Nazca Lines


Mark Cartwright
published on 10 March 2014
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Available in other languages: French, Spanish

The Nazca civilization flourished in southern Peru between 200 BCE and 600 CE and amongst their most famous legacies are the geoglyphs and lines - often referred to as Nazca Lines - along the eastern coast of Peru and northern Chile. The designs are stylized drawings of animals, plants and humans or simple lines connecting sacred sites or pointing to water sources.

The Nazca lines, drawn across deserts and hills, were made over many centuries and although their exact purpose is disputed, the most widely held theory is that they were designed to be walked along as part of religious rites and processions. The Nazca lines are listed by UNESCO as a World Heritage Site.

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Nazca Line Hummingbird
Nazca Line Hummingbird
Tobias Lange (CC BY-NC-SA)

Designs & Dimensions

The lines were made remarkably easily and quickly by removing the oxidised darker surface rocks which lay closely scattered across the lighter coloured desert pampa floor. The aridity of the desert has preserved them well (although the sun can darken the exposed lighter sand over time) and many can still be clearly seen today. Most designs are only visible from the air but some were made on hillsides and so are visible from the ground.

The scale of the designs can be huge, many are at least the size of a sports field.

Lines could be single - both straight and curved - or in groups and could cross each other in complicated networks. The width and length of lines could vary, one of the longest straight lines is 20 km long and the total combined length of Nazca lines has been estimated at over 1,300 km. Those lines used to describe a specific shape are generally composed of a single continuous line. Designs could be geometric shapes such as triangles, spirals, trapezoids, arrows and zig-zags. Examples of animal designs are a hummingbird, condor, monkey, llama, duck, lizard, spider and even a killer whale. Trees, plants and flowers such as the cactus were another subject, human figures were also drawn (especially on hillsides), as were objects such as tripods, looms and fans. There are also many forms as yet unidentified. The scale of the designs can be huge, many are at least the size of a sports field.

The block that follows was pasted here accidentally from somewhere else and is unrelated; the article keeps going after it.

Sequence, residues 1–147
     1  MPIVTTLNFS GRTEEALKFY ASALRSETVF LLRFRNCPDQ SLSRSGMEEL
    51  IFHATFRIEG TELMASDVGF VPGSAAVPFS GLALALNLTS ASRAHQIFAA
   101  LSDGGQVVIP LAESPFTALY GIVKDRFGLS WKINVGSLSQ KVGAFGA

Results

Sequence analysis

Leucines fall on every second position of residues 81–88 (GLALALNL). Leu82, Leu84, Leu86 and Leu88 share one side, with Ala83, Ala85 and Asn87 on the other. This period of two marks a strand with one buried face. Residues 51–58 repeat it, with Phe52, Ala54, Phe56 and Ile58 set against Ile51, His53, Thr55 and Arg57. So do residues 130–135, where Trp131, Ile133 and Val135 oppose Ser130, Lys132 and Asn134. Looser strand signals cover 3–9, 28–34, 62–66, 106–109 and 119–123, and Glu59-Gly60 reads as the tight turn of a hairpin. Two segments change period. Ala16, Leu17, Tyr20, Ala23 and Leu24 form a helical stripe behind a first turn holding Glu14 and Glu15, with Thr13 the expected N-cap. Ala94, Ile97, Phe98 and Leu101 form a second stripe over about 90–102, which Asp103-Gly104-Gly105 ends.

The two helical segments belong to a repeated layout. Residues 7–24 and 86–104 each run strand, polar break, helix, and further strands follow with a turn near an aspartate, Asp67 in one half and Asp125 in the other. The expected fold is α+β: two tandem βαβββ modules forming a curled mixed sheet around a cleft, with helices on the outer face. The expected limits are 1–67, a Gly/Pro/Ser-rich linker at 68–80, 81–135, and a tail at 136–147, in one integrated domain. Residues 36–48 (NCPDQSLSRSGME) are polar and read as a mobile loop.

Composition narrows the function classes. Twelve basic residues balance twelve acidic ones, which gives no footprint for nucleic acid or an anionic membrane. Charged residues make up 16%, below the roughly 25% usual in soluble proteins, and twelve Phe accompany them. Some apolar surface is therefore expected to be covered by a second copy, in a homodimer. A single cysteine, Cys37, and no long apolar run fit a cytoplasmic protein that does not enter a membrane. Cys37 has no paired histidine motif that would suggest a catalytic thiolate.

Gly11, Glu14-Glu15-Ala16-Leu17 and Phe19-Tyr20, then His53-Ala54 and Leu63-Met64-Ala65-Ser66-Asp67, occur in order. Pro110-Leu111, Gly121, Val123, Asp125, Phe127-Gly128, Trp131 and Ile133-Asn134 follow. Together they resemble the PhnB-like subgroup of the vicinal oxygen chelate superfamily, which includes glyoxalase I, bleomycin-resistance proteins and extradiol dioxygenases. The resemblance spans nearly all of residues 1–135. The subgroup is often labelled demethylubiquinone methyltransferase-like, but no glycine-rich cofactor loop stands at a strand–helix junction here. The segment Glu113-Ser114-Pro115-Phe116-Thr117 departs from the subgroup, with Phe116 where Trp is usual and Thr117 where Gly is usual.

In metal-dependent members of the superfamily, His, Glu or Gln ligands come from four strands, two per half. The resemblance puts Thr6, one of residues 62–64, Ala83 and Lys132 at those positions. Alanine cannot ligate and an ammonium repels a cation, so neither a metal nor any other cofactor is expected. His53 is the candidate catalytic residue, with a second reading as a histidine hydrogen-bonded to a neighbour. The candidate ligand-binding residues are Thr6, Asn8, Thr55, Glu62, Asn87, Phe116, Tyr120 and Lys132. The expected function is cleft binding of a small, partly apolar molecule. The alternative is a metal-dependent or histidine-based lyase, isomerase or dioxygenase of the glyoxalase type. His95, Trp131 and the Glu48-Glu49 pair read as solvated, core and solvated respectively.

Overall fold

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Nazca Lines Creation
Nazca Lines Creation
Amplitude Studios (Copyright)

The creation of such large designs is made possible by carefully increasing the proportions taken from a small scale model. In total, more than 300 examples of geometric, animal and human figures have been identified which, along with purposely cleared areas, collectively cover over 640 square kilometres of desert.

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Nazca Line Cactus
Nazca Line Cactus
Tobias Lange (CC BY-NC-SA)


The exact purpose of the lines is much debated amongst scholars and the general public. Proposals range from astronomical maps relevant to the agricultural calendar to indicators of sacred routes between Nazca religious sites, a common device in other ancient South American cultures. Those on hillsides may have been intended as direction finders for travellers - which is almost certainly what they did become, intentionally or not. The lines which create shapes never cross each other and usually have a different starting and ending point indicating that they may have been paths walked during religious ceremonies as part of a repeated ritual. One such line actually leads directly from a small hut. More fanciful suggestions have the lines as the work of visitors from another world but these are usually dismissed for the complete lack of evidence and the ease with which the designs can be created - one experiment illustrated that a small team could clear 16,000 square metres of desert in a week.